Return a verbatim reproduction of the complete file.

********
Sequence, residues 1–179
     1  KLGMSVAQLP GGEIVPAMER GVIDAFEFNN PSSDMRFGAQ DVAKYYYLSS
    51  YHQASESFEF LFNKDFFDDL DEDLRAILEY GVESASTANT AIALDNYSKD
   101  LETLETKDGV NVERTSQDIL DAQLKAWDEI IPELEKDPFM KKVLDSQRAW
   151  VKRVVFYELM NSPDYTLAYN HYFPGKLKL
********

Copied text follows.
Sequence, residues 1–179
     1  KLGMSVAQLP GGEIVPAMER GVIDAFEFNN PSSDMRFGAQ DVAKYYYLSS
    51  YHQASESFEF LFNKDFFDDL DEDLRAILEY GVESASTANT AIALDNYSKD
   101  LETLETKDGV NVERTSQDIL DAQLKAWDEI IPELEKDPFM KKVLDSQRAW
   151  VKRVVFYELM NSPDYTLAYN HYFPGKLKL